Zone 2

Colour me smittenWhen the balloon goes up and it’s time to head down to the air-raid shelter beneath Clapham South station, one of the last things we’ll see are colours. Rows and rows of gleaming colours, snaking along the walls of the platforms, full of a lustre that is unexpected for something so deep underground. The choice of colours is particularly affecting: nothing gaudy, or luminous, or poorly co-ordinated. Instead, stoical RGB basics that even the vaguely colour-blind can tell apart. And I should know.

Tiles of wonderIf the tiles are originals, then they date from 1926 and are in very fine condition. Clapham South was the curtain-raiser for the extension of the Northern line and then, as now, is the first treat for passengers venturing towards Balham, Gateway to the South.

If they aren’t originals, they don’t look it. The taste and the elegance feels authentically inter-war. It’s like walking through Balfour or Baldwin’s bathroom. For me their linear design beats the more scattergun styles you can see at stations along the Piccadilly line. These tiles radiate refinement, neatness, and above all order. If, apocalypse pending, they were to be my last glimpses of the artistry of human race, I wouldn’t mind.

The Common touch

Through the roundel windowI really haven’t done enough on this blog to commemorate people who – at the time of writing – are still alive. Mike Ashworth is one such person, as it’s thanks to him visitors to Wood Lane station can admire a thousand or so chunks of history that might otherwise have been left to rot.

It’s a London Underground roundel that hails from the original Wood Lane – a previous incarnation of the present station that used to be on the Central line and which closed in 1959. The roundel was rescued from the wreckage on the specific request of Ashworth, LU’s design and heritage manager, who then oversaw its gorgeous restoration and rebirth here, in the all-new Wood Lane.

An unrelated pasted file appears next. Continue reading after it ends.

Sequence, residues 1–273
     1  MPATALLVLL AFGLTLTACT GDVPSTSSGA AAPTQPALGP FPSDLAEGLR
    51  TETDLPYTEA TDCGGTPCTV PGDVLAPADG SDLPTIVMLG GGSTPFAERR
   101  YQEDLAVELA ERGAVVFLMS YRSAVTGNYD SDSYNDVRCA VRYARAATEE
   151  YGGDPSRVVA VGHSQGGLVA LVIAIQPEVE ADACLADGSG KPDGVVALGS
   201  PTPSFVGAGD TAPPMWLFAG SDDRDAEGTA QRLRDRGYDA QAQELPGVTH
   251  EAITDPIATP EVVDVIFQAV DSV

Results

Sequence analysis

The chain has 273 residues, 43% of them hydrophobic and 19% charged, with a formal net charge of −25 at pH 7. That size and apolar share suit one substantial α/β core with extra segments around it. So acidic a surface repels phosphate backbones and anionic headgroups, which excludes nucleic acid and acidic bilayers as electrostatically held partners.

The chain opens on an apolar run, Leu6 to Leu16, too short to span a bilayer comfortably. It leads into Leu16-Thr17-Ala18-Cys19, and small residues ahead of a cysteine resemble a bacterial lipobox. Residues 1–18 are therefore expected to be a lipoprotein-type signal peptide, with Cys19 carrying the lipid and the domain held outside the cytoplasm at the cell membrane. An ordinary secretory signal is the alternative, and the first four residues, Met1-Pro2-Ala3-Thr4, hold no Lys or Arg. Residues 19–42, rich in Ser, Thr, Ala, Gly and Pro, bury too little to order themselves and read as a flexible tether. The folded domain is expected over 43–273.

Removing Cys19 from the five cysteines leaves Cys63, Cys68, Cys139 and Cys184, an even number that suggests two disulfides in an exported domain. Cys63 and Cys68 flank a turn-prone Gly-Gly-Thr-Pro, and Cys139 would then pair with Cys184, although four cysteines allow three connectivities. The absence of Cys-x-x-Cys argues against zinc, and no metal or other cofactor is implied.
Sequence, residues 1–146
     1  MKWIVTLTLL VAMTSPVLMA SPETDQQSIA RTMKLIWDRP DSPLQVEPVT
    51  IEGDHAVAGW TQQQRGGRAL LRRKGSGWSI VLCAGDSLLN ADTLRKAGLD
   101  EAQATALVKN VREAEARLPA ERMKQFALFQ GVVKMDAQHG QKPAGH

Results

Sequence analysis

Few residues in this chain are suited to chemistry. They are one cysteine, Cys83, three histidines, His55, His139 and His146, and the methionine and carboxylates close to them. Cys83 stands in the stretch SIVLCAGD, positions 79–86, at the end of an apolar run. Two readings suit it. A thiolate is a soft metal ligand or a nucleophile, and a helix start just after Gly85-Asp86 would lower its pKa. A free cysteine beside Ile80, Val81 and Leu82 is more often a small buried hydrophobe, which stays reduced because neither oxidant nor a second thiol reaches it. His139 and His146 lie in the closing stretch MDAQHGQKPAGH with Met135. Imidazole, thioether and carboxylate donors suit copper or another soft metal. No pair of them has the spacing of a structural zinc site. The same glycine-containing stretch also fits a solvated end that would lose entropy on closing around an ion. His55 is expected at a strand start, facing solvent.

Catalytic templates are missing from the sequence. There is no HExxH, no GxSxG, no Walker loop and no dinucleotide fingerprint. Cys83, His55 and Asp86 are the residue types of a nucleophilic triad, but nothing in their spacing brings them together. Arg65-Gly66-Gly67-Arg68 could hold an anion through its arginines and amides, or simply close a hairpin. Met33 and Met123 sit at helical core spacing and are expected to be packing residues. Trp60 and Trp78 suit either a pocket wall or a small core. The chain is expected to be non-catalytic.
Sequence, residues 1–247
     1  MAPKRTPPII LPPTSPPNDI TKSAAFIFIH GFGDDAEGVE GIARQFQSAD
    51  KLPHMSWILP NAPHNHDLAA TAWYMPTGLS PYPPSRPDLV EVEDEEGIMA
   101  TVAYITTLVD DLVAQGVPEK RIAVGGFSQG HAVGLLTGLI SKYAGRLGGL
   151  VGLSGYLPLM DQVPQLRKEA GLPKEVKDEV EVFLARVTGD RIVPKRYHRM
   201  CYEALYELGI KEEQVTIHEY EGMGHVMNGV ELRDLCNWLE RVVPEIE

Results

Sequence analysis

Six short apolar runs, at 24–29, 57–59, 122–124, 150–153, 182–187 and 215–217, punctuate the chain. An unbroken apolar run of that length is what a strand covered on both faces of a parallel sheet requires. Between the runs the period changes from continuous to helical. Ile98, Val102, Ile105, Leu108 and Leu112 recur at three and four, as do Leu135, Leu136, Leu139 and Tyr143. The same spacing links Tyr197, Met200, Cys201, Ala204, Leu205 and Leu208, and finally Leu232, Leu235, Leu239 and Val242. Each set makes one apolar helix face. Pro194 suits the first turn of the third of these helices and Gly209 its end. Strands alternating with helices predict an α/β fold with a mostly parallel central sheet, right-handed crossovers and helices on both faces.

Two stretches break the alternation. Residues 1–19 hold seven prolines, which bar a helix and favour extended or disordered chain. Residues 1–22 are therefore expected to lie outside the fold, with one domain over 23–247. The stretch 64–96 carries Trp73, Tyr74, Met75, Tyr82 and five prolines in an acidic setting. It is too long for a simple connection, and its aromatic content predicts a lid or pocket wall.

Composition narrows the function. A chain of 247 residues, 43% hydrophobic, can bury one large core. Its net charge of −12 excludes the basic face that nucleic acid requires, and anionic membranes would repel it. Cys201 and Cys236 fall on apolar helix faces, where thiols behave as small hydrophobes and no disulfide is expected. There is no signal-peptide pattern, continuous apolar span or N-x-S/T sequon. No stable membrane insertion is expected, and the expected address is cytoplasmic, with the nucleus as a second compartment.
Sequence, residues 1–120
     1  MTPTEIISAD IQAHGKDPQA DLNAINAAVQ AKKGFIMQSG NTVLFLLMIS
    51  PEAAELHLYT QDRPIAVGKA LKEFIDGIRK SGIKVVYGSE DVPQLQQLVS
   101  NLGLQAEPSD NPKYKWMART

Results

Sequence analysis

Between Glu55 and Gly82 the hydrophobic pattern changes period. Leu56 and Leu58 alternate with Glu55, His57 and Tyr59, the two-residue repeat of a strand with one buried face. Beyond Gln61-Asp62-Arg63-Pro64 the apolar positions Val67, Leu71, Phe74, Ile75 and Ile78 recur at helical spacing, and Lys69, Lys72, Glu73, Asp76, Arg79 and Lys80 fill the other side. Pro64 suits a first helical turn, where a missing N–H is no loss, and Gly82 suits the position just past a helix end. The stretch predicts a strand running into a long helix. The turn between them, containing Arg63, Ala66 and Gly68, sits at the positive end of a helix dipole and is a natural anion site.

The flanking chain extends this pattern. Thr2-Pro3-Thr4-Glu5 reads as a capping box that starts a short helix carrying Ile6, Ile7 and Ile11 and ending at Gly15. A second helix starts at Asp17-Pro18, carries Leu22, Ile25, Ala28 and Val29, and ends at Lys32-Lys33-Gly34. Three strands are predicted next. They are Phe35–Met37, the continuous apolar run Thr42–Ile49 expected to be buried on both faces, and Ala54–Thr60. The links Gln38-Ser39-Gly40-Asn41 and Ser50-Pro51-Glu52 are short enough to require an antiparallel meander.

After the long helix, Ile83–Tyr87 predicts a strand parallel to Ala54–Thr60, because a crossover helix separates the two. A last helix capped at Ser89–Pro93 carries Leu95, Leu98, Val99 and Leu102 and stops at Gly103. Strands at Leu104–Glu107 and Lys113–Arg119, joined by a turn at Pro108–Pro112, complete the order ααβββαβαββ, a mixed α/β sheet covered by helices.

There’s one drawback, however. It’s behind protective glass, which means it doesn’t photograph that well. My reflection-wracked pictures don’t do it full justice.

One thousand slices of charmIt’d be wonderful were it to be open display, even if it meant it had to be mounted higher up, out of the reach of hands with hammers or light-fingered loons.

It also looks a bit eerie, not to say fragile, divorced from any kind of solid surface. But this is nitpicking. I’m just glad it’s still with us – unlike the institution that once made this station’s name famous the world over.

Shedding followersJust north of Queen’s Park station on the Bakerloo line, you experience something I’m pretty sure you can’t do anywhere else on the Underground.

You get to pass through a carriage shed.

That might not sound particularly tremulous, and I grant you it’s not on a par with the kind of sensory overload you endure on a ghost train or enjoy on a seaside tram. But it shares the same novelty value. And if you’re in the mood, there’s a tingle of excitement to be had from peeping inside somewhere it feels you’re not meant to go.

She said, there's something in the train shedIf you’re heading north, you trundle through entrance 21, past a very old (but still perfectly legible) 10 MILES AN HOUR warning sign. Once you’re inside, look out of the right-hand windows and you’ll probably see a couple of trains sitting in berths 22 and 23, not really doing much. You’ll possibly spend a minute or so doing the same, before your train is given a green signal to carry on up the line to Kensal Green: nemesis of all connoisseurs of The London Game.

If you’re heading south you’ll probably come through number 24. Whichever track you end up on, however, the effect is the same: a moment of anxiety as you conclude you’re sitting in a train that’s been sent to the sidings, followed by a longer moment of embarrassment when you realise your mistake.

Two little ducksWhen you pass through the shed, I wonder under whose jurisdiction you fall. I can imagine there are issues over “conveyance”, with unions and management holding urgent negotiations to agree terms of safe passage. I hope there are “lucky” entrances, and that superstitions have built up around particular numbers. In bingo lingo, would you prefer two little ducks or a knock on the door?

For shed followers, you probably can’t beat arguing about something like this. For shedding followers, you certainly can’t beat writing about something like this.